: Forbes: NATO assesses Ukraine and invites Montenegro. Who's afraid of Vladimir Putin?

14:52 May. 26, 2016

Forbes: NATO assesses Ukraine and invites Montenegro. Who's afraid of Vladimir Putin?

U.S. Secretary of State John Kerry speaks during a press conference following the NATO Foreign Affairs Ministers meeting at the NATO Headquarters in Brussels, Belgium on June 25, 2014. (Getty Images)

NATO's foreign ministers met last week to assess current security threats. Alas, the meeting illustrated how NATO has become an expensive burden for America, reducing U.S. security

The North Atlantic Treaty Organization was birthed during the Cold War. The Soviet Union was an "evil empire," in Ronald Reagan's words. The war-ravaged states of Western Europe were vulnerable to Soviet pressure if not conquest. America's defense shield allowed them to recover economically and politically.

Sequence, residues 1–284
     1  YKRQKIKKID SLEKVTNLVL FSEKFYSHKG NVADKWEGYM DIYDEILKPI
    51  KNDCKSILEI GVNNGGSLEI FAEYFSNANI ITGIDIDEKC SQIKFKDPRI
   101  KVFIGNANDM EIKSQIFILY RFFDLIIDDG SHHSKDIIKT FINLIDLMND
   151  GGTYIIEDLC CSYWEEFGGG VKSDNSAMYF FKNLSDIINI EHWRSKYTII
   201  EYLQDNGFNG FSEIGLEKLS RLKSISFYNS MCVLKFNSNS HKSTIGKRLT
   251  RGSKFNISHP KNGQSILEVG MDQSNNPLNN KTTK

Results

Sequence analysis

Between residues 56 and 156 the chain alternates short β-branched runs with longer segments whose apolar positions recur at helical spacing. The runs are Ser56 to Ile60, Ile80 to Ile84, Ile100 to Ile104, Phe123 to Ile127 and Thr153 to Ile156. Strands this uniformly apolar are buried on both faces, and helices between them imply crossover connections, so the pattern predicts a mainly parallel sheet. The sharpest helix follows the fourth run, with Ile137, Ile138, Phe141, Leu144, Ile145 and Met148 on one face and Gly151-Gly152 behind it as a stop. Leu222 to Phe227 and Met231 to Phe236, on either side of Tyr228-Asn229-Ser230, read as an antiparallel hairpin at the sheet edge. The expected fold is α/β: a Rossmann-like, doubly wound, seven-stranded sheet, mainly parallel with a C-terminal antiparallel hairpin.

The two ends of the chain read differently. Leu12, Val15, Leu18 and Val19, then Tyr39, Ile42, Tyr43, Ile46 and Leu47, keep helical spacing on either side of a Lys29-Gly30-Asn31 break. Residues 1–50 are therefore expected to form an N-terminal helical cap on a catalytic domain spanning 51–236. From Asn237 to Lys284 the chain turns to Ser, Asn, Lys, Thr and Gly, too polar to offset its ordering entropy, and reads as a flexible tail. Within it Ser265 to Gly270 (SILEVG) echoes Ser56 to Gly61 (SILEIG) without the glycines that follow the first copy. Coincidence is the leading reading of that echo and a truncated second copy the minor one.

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However, the threat of Soviet invasion ebbed. The Red Army mostly ensured the loyalty of Moscow's nominal allies. Europe recovered economically. Yet the military capabilities of NATO's European members did not keep pace. As President Dwight Eisenhower had predicted, permanent U.S. military deployments created European dependency. NATO remained North America and The Others.

With the collapse of the Soviet Union and Warsaw Pact NATO's raison d'etre simply disappeared. There was no more threat to defend against. As Gertrude Stein said of Oakland, "there's no there there."

Read also Russia intensifies info-war with assistance in the West

For a time alliance supporters worried about the organization's future. Some proposed that NATO organize student exchanges and undertake drug interdiction. The alliance reinvented itself as a sort of Welcome Wagon for Moscow's former republics and satellites, ignoring the security implications of issuing new defense guarantees.

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